When you aim at nothing, you will hit it every time” – Zig Ziglar

This is the quote that reminds me to set my business goals, and that includes financial goals.

Some entrepreneurs are a bit timid in setting income goals because they just want to sell as much as possible. Others set super stretch goals that they will never reach with the belief that “if you aim for the moon and miss, you will land among the stars.

I understand both approaches. I want to offer you an approach that falls somewhere in the middle.


If you don’t typically set goals right now


How much money do you want to make, and in what timeframe? That can feel like such a loaded question.

Does reading that have you thinking, “What if I set it wrong? Too low or too high? Am I going to be disappointed? What if I miss it?” right away.

I hear you. The fact is goals don’t have to be arbitrary or decided by throwing a dart at a bunch of numbers. Here are a few questions to help you narrow down a good goal.


1. What am I offering, how much does it cost?


How many can I sell? This question will help you look at your capacity to make more money. This may be limited by your time, by your production model, or by your own working guidelines.

If you don’t know the maximum that you can comfortably make with each offer in a month, you can’t begin to set a goal, because you can’t figure out what to sell and how many.


2. What is my best sales month ever?


What made it so good? Was it a new ad? Did you host a challenge? What was it?

These questions can help you to examine what you did in your best sales month, and whether you can duplicate it or do more now. What are you available to do to hit your goal this month?


3. What is the purpose for the money?


Having a purpose can definitely help you gain clarity on your goals. If you to make $3,000.00 so you can launch a new thing,  then that’s a pretty clear purpose for the money.

Get laser focused on what you want the money for and what it is going to do for you and your business when it is earned.


If you set arbitrary goals that you always miss


First, follow the questions above! And check on your capacity, availability, and purpose for the money and the goal.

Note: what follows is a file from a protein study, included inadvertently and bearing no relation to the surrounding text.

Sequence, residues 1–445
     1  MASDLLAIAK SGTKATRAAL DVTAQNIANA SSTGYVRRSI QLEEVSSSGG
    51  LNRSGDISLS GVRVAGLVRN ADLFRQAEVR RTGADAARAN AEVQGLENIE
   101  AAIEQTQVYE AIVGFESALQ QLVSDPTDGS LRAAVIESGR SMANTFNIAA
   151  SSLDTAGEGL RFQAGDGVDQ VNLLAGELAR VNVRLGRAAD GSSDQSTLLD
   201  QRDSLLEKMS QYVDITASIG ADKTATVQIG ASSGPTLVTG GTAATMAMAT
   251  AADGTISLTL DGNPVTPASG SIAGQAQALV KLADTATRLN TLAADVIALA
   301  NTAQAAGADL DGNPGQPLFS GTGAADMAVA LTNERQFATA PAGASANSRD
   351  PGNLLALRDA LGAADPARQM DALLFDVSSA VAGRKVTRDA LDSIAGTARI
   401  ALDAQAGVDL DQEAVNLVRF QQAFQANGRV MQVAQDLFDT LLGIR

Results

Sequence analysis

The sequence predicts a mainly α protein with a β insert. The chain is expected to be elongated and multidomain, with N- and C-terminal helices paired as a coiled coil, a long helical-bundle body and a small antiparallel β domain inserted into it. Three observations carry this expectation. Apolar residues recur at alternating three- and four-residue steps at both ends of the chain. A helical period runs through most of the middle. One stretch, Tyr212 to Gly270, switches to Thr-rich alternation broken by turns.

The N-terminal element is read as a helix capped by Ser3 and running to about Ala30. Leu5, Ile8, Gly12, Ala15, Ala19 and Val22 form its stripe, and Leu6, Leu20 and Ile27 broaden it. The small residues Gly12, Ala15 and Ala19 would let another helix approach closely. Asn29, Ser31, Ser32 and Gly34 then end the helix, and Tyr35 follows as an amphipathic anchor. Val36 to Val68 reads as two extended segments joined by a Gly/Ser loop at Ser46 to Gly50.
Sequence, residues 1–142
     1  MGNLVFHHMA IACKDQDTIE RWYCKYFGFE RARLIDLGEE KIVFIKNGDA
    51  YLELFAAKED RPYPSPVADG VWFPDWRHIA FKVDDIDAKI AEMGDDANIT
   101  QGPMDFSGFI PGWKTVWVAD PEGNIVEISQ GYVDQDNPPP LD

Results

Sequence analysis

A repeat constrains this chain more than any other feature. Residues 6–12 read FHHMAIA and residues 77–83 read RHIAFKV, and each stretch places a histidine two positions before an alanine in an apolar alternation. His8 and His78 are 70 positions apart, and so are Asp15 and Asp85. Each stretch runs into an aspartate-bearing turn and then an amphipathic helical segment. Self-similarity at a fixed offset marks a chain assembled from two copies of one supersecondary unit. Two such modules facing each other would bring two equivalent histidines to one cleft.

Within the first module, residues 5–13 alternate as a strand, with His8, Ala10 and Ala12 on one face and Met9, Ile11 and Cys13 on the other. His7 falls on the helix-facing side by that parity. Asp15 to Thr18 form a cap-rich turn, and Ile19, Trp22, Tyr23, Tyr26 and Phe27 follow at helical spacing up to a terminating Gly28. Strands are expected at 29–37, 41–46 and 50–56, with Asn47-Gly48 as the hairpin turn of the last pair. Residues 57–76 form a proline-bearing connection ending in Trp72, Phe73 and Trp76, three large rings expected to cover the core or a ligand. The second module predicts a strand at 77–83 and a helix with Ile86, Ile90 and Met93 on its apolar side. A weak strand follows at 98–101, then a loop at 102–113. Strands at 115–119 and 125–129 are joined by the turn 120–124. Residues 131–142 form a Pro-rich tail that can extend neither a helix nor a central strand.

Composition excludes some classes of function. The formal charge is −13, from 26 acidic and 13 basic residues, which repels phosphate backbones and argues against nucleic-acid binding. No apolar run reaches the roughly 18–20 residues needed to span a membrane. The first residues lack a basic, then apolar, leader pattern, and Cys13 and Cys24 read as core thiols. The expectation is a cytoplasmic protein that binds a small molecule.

Then ask yourself if it would be better to keep the lofty goal as a “best” goal, but add in a “good” and a “better” goal that is more attainable.

For example, if you set your goal at $10k for the month, but your best month has been $2k and you don’t have the availability to do more than $6k, you can set a “good” goal at $3k (attainable) and a “better” goal of $6k, the “best” (or stretch) goal of $10k.

There is a real psychological boost to you as an entrepreneur as you reach your financial goals. For each of the three goals, make sure you have a clear purpose for the money.

It takes just a few minutes to set your financial goals. It can be for the week, month, quarter, that is up to you. But make sure you have something to aim at and then define the availability and steps you need to take to hit your mark.

By the way, The Profit Accelerator is open again! Grab one of the 12 spots inside the signature program that has helped entrepreneurs focus on making more money and keeping more profit in a six-week sprint. Visit to learn more.

Wishing you the best with your business goals!


My short answer: separately. I get this question a lot. Because your personal and business finances are different. But you should have a management system for each. And the systems do not have to be complicated. They need to be separate, but not complicated. Here are a few simple steps for managing the personal finances when you have a business.


Step 1:   How much do you need? Know your numbers.


Personal: First tally up your “four walls” because these expenses get paid first, always. Food, utilities, housing, and transportation. This is the minimum number you need to eat, cook, sleep in a real bed, and get to work so you continue to make money.  Know this number. Next, add together your minimum debt payments.  You will have two numbers, the “four walls” number and the “total I need to pay everything” number.


Repeat for your business.  


Business: Four walls of business, your Breakthrough Number. The Four Walls are rent/utilities and internet/ phone (access to buyers), Critical Operating Expenses, Minimum inventory and product spend, and payroll (and payroll expenses).  These four walls will secure your business and allow you to keep the doors open and making money. Next,  figure in any debt payments and other business areas (marketing, projects, team). You will have your Breakthrough Number (minimum amount) and total “All In” number.